Bryan Murray once was a successful high school basketball coach in Quebec, which may help to explain why he screams loud and long behind the Washington Capitals' bench, frequently becoming involved in verbal disputes with referees as well as opposing coaches and players.
The latest incident in the burgeoning Murray legend occurred during the Capitals' 3-1 victory over Montreal at Capital Centre Friday night, when he was popped in the head by a water bottle thrown by the Canadiens' Chris Nilan.
Not long ago, the New York Islanders' Duane Sutter whacked Murray in the leg with his stick as the teams left the ice following the second period of a game.
In past seasons, Murray has been involved in confrontations with assistant coaches Mike Corrigan of Pittsburgh, who also threw a water bottle at Murray; Ricky Ley of Hartford, and Wayne Thomas of the New York Rangers.
Although the Capitals are the least-penalized team in the National Hockey League, Murray's penalty total of 24 minutes, two gross misconducts and two bench minors for protests to officials, tops the bench penalty total of all other NHL teams.
Before and after games, in contrast to the aforementioned charge sheet, Murray is calm and relatively soft-spoken. No matter how heartbreaking a defeat, he will meet with the media and answer the dumbest of questions without rancor. All of which leads one to wonder whether there are two Bryan Murrays, in the Jekyll-Hyde tradition.
"There are no two different guys, although I certainly react with emotion at times," Murray said. "Certainly, I've had words or comment with a few people. I don't pretend to hide the fact that if a referee makes a call that I don't consider in line with the game, I respond.
"Some guys are always blowing up in the press conference after the games, although they're prim and proper during the games. Well, I'm less a complainer after the games than most, but if I think a referee has blown a call, I'll tell him on the spot.
"When I yell at a referee about a call, it's a single incident, then it's over. I'm not trying to intimidate the refs, I'm just trying to call their attention to something I feel they've mishandled. If refs make comments to me, I often react to them, too. But I haven't thrown any chairs at them or anything like that.
"Normally, I don't worry about the opposition players. I'm more concerned with getting my guys involved. I feel part of my responsibility is to get emotionally involved. When I do yell at another team's player, I never talk about a good play or a bad play.
"What gets me upset is when some big stud will run a guy, usually from behind, that he knows doesn't want to play that kind of game. There are big guys out there if he wants to try that stuff, and sure I have to say Chris Nilan and Duane Sutter are two I've been involved with in the past. They're big, strong guys, but they always seem anxious to take on a smaller guy who they know doesn't want to fight.
"When you have contact, and emotion displayed, and people are hammered over the boards into the benches, you tend to get pretty involved in the game."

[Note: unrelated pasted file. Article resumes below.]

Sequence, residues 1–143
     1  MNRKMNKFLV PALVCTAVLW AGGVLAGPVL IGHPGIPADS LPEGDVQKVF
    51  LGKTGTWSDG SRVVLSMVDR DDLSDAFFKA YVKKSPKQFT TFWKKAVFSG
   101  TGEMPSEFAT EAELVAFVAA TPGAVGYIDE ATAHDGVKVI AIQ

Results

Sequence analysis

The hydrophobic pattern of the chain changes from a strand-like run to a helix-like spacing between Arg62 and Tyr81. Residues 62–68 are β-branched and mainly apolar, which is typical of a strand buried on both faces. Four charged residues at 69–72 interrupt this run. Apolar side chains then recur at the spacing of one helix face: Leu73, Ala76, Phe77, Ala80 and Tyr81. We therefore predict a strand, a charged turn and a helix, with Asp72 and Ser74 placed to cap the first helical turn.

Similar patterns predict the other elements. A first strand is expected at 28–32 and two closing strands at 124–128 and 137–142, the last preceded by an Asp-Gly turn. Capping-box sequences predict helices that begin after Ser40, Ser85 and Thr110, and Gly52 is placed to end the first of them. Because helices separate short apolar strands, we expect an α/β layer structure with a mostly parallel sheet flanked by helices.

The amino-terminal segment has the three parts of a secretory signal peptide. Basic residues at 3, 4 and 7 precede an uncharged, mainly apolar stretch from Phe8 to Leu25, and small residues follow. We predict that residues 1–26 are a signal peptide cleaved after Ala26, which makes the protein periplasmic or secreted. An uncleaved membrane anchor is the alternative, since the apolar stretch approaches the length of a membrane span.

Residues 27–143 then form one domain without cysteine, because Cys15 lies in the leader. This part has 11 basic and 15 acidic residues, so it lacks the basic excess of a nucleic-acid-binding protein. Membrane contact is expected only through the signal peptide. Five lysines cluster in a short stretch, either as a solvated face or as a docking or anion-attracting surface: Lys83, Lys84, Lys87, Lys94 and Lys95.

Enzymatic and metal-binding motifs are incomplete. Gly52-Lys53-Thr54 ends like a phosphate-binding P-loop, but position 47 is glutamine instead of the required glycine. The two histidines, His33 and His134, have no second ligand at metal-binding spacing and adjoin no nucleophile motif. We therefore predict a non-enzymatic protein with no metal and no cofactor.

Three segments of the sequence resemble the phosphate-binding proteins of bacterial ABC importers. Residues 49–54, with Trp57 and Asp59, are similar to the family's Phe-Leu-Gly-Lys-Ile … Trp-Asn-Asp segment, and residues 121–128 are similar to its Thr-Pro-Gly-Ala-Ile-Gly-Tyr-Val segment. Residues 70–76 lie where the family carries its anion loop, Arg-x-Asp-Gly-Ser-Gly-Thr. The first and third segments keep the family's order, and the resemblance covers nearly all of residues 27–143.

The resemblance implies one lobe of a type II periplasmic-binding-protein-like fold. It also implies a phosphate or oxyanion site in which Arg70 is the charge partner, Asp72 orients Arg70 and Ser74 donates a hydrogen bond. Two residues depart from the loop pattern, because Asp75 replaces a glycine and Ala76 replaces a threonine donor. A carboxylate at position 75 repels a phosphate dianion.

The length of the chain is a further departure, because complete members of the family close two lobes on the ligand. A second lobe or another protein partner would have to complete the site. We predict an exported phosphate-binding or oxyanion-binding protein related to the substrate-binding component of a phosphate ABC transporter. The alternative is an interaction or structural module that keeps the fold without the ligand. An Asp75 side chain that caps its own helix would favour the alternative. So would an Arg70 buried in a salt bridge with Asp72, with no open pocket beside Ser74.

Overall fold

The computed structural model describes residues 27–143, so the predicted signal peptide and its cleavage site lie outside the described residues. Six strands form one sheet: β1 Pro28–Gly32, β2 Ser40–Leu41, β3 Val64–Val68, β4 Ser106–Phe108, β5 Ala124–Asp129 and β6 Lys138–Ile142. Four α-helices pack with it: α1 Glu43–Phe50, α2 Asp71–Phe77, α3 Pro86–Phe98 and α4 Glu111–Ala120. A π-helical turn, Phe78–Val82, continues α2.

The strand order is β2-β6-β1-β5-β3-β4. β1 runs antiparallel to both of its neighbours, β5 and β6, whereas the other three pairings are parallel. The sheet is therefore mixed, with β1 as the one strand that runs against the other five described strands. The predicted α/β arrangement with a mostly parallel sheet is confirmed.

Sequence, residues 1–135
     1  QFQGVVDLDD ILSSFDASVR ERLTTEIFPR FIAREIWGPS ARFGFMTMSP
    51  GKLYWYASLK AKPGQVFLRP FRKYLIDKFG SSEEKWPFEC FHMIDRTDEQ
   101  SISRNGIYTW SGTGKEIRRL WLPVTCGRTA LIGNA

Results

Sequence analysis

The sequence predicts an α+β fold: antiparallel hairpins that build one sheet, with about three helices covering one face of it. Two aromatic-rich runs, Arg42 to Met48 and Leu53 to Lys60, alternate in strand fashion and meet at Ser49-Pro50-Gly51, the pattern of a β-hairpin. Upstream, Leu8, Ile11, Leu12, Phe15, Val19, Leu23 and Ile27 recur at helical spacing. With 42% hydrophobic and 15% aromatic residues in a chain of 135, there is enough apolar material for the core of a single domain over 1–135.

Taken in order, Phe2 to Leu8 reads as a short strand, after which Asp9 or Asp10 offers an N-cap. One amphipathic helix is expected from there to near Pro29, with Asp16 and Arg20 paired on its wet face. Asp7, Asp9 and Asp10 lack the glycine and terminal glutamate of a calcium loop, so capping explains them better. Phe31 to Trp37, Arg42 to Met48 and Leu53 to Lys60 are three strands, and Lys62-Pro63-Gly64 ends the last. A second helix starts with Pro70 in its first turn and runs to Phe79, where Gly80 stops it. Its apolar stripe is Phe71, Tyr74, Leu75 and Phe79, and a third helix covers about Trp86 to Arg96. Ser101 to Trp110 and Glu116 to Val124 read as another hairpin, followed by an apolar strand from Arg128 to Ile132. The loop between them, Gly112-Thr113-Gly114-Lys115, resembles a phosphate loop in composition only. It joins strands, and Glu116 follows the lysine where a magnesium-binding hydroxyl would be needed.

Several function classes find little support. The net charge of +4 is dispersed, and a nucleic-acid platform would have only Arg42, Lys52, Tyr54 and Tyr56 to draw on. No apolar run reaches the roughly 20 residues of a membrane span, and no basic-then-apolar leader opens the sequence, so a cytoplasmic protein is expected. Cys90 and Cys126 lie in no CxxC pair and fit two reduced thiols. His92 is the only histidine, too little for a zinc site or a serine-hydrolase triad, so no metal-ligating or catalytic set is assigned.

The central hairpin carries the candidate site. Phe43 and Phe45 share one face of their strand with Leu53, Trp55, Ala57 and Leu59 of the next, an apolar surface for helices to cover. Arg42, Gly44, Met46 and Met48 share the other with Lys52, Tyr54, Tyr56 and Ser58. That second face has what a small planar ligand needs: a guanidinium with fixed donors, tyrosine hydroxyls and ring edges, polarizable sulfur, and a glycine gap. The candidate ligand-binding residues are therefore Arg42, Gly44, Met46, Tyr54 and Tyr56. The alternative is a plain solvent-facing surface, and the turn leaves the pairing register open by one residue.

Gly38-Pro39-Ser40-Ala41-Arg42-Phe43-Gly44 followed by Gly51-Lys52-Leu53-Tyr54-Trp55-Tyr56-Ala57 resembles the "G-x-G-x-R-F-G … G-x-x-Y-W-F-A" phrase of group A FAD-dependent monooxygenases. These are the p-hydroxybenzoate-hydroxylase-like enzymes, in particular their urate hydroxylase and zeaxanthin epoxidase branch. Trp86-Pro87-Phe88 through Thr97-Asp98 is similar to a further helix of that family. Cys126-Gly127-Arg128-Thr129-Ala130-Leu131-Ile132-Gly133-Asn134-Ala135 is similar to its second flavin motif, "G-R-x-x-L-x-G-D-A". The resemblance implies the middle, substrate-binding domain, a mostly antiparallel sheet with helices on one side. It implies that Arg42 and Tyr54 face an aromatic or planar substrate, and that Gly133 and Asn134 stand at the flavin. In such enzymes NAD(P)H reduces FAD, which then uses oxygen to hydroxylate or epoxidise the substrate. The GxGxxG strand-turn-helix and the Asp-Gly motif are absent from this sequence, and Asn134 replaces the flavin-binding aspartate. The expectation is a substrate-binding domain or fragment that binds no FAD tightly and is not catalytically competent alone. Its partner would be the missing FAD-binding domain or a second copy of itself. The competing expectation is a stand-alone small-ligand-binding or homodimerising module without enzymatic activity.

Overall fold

Muuray says it's like basketball.
"But I think the basketball coaches in the NCAA are much more vocal than I am. They're running up and down the sidelines screaming and yelling. It gets like that in a game with flow and contact, rather than football where every play is designed in the huddle."
A recent article in the Toronto Globe and Mail portrayed Murray as "a fiery but calculating manipulator. Everything he does and says during a game is contrived and premeditated with the ultimate goal of getting an edge."
"That was exaggerated like hell," Murray said. "You react to situations and there are certainly people I react to or am involved with. Like Nilan -- I know he'll get a little carried away. But I don't think I'm the only guy who does that, by any means. A lot of guys yell at Scott Stevens because they think they can get him going overboard and most coaches get on the referees.
"I've always, always been involved in the game. I don't take much time off -- and I have got the good voice."
Asked whether other coaches might dislike him, a fact that has been made apparent by the comments of a few, Murray said, "Obviously. Words are cheap, but I don't know that I've had any confrontations except in competitive situations.
"None of us are buddies, but I don't think any of us are enemies. I'm trying to beat them and they're trying to beat me. But when the game's over, the game's over."
When Friday's game was over, Murray and Montreal Coach Jacques Lemaire exchanged a few words on the subject of the water bottle and the timeout Murray called with four seconds left and a two-goal lead. Neither was heated in discussing the matter later.
Asked whether he would be upset if an opponent called a timeout in similar circumstances, Murray showed his ability to understand both sides of an argument, saying, "Certainly. I've had that happen to me and I was upset about it. That's only natural. But Al Jensen was playing really well and I didn't want them to score against him. I wanted Scott Stevens, Rod Langway and Doug Jarvis out there, and they needed a rest."
There was an implication that if the Canadiens didn't like it, that was just fine.
A number of players became ill following the game and were unable to practice yesterday. Among them was Jensen, who is scheduled to face Pittsburgh this afternoon at Capital Centre . . . Mikko Leinonen, the Finnish forward signed as a free agent March 12, arrived Friday night, skated yesterday and probably will play today . . . After yesterday 5-3 victory by Philadelphia over New Jersey, the Capitals trail the Flyers by eight points.